B: [00:05:06] My first job, my first real real internship was doing this program called JTPA. And Mike's dad, Jeff, after he had a minor league career, came back to my high school, actually, because my dad transitioned out of baseball, became an athletic director. Jeff Trout replaced my dad as the head coach. But Jeff hired me to be a teacher and it was for students in need, students coming from backgrounds where they weren't supported in really math type segment. And I got to teach math to kids who were not much younger than me, young high school age kids. So I really became close with Jeff Trout in a different way. And we followed Mike, Mikey, as my parents would say, my mom was his nursery school teacher, preschool teacher. And so through his upbringing and all of his exploits and Mike is the spitting image of Jeff in terms of his teamwork and leadership, just somebody who's a great listener and worker. And, you know, he'll have a pop up to the second baseman and he'll be on second base by the time he catches it. So just the way he does things.

S: [00:06:13] So you're growing up and you go to Millville. What was your recruiting process? Because you attended Princeton University and you played offensive line, but what was that process like? Because I know you're talking to recruits all the time, but you were once quite literally in their shoes.

B: [00:06:26] Yeah, and I'm probably a lot like our recruits in that I was a little bit intimidated by Princeton and I didn't believe in myself. They really took my guidance counselor, Sandy Rowe, who my dad worked with to help people get to college. And my dad would work hand in hand with guidance counselors to try to find fits for the seniors. It's now younger kids with recruiting, but with the seniors to figure out what schools would be good fit. And when Princeton offered me, I didn't want to visit, I was like, I'm not going to fit in. It's going to be a country club, all those things. And my parents were very even keeled and wanted me to come through the decision to get there. But she told my dad, if I don't visit Princeton, she'll never work with him again. I can choose whatever. But I need to visit Princeton. I am a very good student, a talented student, and you don't just turn that part down, and I realized it wasn't that way. And as I met the players on the team and the coaches and the type of people that were there, they were just high achievers like me. Some of them came from different socioeconomic levels. But you were never treated differently because maybe you're from a middle class background and you didn't go to the high end prep school.So

S: [00:07:43] So you attend Princeton? You end up choosing it, which was, I would say, one of the smartest moves. And I'm really glad you did. So you play center, you're an offensive lineman, you play the interior position, and then also you go on it and you have a really successful career. You were named all Ivy. You were history major. And I really want you to touch on what you did your thesis paper on. Because I was really interested in how you told it to me in that story of what you wrote your paper about and maybe why you wrote it.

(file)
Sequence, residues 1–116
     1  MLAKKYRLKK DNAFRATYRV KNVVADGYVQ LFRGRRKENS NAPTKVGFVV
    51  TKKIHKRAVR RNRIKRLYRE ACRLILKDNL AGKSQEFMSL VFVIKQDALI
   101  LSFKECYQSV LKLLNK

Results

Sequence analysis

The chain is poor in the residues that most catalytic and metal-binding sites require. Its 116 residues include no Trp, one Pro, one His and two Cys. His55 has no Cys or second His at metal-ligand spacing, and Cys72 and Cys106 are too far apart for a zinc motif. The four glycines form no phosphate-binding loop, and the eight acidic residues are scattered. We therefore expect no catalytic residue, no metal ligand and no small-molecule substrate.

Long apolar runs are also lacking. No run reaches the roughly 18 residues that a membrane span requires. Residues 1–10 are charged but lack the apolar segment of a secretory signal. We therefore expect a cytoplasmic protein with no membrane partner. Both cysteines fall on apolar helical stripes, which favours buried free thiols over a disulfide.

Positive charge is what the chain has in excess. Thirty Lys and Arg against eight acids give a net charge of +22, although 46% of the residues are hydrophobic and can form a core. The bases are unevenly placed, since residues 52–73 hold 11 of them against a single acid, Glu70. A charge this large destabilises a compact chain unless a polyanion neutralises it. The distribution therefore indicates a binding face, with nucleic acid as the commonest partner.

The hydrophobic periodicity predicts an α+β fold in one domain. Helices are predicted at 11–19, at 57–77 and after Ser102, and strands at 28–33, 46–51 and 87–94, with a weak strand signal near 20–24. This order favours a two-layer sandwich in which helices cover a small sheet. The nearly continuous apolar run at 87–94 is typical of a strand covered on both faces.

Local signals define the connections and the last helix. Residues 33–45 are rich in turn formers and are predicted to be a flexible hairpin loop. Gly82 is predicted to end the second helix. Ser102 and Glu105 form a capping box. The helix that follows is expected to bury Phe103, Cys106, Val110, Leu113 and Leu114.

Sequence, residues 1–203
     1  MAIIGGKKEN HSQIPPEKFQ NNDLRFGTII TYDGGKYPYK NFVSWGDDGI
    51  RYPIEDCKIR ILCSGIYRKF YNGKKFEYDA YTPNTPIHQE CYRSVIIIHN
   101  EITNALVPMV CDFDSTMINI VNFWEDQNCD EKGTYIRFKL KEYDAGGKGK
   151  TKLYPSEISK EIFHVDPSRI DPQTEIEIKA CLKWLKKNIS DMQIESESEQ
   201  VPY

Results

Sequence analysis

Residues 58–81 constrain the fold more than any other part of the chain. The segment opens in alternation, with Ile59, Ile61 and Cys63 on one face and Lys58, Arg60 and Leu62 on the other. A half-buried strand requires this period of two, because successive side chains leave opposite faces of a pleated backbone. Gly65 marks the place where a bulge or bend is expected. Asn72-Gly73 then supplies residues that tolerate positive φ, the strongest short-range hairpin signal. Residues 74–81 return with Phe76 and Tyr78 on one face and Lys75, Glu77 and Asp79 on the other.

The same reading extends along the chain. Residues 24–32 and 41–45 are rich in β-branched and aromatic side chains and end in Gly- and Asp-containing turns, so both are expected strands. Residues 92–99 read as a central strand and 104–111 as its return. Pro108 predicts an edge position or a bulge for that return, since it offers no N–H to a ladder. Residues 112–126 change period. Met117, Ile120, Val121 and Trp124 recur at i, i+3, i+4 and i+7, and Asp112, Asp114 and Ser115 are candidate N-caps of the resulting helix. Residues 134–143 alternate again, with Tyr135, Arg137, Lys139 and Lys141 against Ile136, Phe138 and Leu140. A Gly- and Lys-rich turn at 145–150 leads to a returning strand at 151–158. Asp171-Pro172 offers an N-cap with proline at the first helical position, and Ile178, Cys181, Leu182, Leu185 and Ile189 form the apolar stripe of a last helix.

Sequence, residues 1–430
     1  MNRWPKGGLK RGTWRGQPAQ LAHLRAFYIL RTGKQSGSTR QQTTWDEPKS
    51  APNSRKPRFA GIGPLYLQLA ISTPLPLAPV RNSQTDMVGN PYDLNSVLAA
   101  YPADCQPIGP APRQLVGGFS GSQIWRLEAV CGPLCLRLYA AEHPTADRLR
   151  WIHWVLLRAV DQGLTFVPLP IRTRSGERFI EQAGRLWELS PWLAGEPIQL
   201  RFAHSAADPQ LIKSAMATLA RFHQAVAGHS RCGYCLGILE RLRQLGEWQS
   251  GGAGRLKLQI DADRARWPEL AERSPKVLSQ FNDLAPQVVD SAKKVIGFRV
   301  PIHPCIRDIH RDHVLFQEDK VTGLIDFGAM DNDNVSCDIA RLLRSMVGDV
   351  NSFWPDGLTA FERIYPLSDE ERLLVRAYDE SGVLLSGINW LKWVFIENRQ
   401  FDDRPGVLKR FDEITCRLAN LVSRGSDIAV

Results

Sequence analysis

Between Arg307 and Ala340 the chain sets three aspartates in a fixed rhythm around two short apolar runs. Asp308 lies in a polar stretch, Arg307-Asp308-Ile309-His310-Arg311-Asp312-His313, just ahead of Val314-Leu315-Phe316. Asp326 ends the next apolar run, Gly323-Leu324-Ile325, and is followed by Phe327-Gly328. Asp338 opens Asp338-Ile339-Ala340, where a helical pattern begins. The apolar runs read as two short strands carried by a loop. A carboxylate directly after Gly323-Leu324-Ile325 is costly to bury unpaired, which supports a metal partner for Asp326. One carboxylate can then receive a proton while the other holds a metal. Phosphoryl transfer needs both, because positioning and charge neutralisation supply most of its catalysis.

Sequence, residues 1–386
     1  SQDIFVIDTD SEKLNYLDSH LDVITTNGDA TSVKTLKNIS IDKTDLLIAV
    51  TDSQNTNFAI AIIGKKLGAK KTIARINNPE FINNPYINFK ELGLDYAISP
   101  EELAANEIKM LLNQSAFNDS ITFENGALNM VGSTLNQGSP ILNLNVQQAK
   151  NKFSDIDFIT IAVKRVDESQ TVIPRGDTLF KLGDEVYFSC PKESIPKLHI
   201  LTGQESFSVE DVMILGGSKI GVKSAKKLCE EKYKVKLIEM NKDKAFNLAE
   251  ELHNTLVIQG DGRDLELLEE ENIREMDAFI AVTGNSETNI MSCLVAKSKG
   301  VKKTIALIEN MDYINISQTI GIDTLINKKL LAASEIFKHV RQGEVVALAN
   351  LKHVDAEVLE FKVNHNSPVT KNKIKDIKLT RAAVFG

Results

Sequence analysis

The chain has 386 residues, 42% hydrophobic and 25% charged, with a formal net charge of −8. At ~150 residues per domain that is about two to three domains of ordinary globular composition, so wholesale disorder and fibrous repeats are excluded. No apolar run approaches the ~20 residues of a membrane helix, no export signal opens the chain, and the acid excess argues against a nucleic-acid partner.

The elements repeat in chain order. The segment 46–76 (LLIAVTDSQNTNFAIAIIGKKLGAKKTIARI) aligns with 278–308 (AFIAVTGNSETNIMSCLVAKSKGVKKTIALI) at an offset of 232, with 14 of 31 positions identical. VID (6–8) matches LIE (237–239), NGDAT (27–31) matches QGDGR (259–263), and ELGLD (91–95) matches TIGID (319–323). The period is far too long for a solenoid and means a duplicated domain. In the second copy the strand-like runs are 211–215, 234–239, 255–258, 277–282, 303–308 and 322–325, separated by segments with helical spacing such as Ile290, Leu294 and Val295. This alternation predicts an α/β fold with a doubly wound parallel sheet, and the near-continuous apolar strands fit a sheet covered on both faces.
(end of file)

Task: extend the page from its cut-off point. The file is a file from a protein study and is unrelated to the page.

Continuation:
B: [00:08:09] Yeah, I think it was our first conversation that we had when we talked about it. And at Princeton, if you are a non-engineer, you have to do a thesis. It's a research paper or project depending on specific majors. And as a history major, pretty much anything that happened the day before becomes history. So you can choose a wide variety of topics. Before that, you do junior papers which kind of lead into the research paper. I did my junior papers on the Negro Leagues of Baseball. I love the fact that you titles called Forward Progress because the title of it was a quote by Satchel Paige that "don't look back, something might be gaining on you." Right. And so you're always looking forward and wrote about that. And I wanted to go and stay in sports after. I wasn't good enough to be an NFL player. I was a six foot one twenty and thirty five pound center. But I wanted to be in sports. And the impact that you could have has a leader in a sports organization. I wasn't sure if it was coaching or management at that time when I was 20 years old, but I knew I wanted to stay in sports. And, you know, I had this great interest and intrigue on the integration of baseball. So my topic was management's role in the integration of baseball. Really looking from a management side with Branch Rickey, especially who was the general manager of the Brooklyn Dodgers, and then Jackie Robinson, who was the first black baseball player to play in the major leagues. Basically one hundred pages of research and everything else. But it didn't seem like work because I loved the topic. It was very educational for somebody who was going to eventually go into coaching a sport that requires the ability to communicate effectively with people of all different backgrounds. And Jackie Robinson and the things that were done to him, the courage he had, people spitting on him, calling him the worst names and everything else, and the courage he showed to show up at work every day and overcome those struggles was amazing. But also from a management's perspective, the resolve that Branch Rickey had, A just selecting Jackie Robinson, someone who served our country in the military and was integrated at UCLA, in college, was a multi sport athlete who he felt could handle these horrendous, like just horrendous, horrendous things that were being said to him and even some of his teammates who didn't want him there and how Jackie threw his attitude, great play, character, work ethic, courage, all those things was able to overcome them. Then later on become somebody that really most of society cherished. And really, the changes that happened in the nineteen sixties might not have happened so soon if it wasn't for sports and the change that happens and can happen through sports.